I have had students who are unskilled English writers but who can memorize grammar rules and spelling.  They cannot conjugate properly when writing, nor, for that matter, can they string together words coherently in speech. This will come later, if they become readers. However, some of these students show the ability to memorize for the sake of multiple choice quizzes. Conscientious writing teachers are wary of making classes manageable for students like these—unless the latter actually fall into the tempo and flow of a language through reading, they are cutting corners. There are problems for students who pass writing courses without actually learning to write (because they are not good readers). These problems impact others, demonstrating the injustice of lax college English teachers.

A case in point is that of a Middle School science teacher who wrote with English grammar and spelling mistakes all over the board, making the students snicker. Her students did poorly because they could understand neither her written nor spoken words. Nonetheless she was passed through her college English classes and got a full-time job making more, per hour, than the adjunct college writing teachers who “mercifully” allowed her to pass due to her memorization techniques.

Let’s be Frank about Scrabble. Is memorization a fair demonstration of skill?SavageChickens.com_-297x300

Or is it a kind of cheating?


Disappointed Writing Students

ImageBeing part of a writing course is a huge disappointment for some college students. From the get go, nothing is as it should be.

Incentive is elusive. The distributer has gone out of business. The commerce thrived when books (and the act of reading) were banned to certain groups in the USA, but the government’s insistence on paying for books for disadvantaged students has helped shoot that mule between the eyes. When the government is late in distributing the funds, intended recipients sit through the ninth week of class, nursing their wounds, stubbornly bookless. While no one would think about scrounging for a donut or coffee, a book is another matter.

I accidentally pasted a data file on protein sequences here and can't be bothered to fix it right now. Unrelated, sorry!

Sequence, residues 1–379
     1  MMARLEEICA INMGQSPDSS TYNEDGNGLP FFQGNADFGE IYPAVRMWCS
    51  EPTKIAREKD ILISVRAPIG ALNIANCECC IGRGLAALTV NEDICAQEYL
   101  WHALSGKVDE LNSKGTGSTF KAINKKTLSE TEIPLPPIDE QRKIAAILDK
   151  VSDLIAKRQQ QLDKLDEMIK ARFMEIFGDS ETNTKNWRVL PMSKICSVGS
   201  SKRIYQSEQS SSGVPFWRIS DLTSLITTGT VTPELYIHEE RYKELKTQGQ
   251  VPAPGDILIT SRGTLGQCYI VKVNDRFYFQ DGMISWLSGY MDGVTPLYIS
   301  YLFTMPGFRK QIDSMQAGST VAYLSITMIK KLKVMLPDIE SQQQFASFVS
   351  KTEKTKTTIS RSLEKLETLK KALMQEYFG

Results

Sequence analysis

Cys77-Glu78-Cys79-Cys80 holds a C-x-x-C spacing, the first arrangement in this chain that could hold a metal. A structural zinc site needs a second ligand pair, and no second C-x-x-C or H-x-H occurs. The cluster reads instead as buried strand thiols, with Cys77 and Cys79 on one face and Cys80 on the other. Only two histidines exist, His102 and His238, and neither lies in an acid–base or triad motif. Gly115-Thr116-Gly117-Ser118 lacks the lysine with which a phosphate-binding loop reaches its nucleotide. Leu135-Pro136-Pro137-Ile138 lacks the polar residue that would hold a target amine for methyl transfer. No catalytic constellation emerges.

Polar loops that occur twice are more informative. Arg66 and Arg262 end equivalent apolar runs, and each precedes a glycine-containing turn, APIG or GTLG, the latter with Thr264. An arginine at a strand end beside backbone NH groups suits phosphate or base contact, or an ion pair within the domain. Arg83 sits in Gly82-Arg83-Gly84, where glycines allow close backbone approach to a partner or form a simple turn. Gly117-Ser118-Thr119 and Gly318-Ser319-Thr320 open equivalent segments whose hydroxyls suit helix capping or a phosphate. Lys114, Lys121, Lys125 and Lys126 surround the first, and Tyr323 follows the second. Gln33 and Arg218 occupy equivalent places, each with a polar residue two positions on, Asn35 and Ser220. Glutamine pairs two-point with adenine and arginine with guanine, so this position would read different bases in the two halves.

Learning should be provided, paid for, spoon fed.

Excuse and reproach are useful tools in a politically careful democracy. The disappointed segment of a writing class knows about these tools. The strongest excuse is always money. Nothing can be done without it, neither learning nor homework. Lack of funds is the teachers’ and government’s fault. (Interestingly, some of those who complain wave their expensive smart phones in the air, to make a point.)

 I created a Facebook page just for my students. It bears the picture of a famous Latino artist. Only half the students befriend me. Some say they refuse to be on Facebook. I find that hard to believe.

Links and reminders exist on the FB page. A letter is sent, every week, to every student, with the assignment. Knowing deadlines exist, students ask about them. The deadlines have passed. Why will I take the papers? Because I want to cut them some slack. They look disappointed. Won’t I take off points? How about if I take off 20 points for a late paper, no questions asked, like other teachers. Then the 69% mercy score they get will drop to a 49%.  I say I want them to pass and am willing to work with them. Further disappointment.

Each of the student’s papers is edited by me because the level I am currently teaching is two below college entry. My disappointed students (less than half of the class, admittedly) are new to the concept of a writing class. They don’t revise according to my edits (as explained on the front of the paper) because they don’t read what I have written.

I repeat that information when we are talking about grades. How about redoing that paper, young fella? Young lady?

The energy needed for the belabored explanation is a wipe-out. My disappointed students tell me they need handouts, every class, with detailed instructions that they won’t read and must have explained to them.

What is the woman raving about?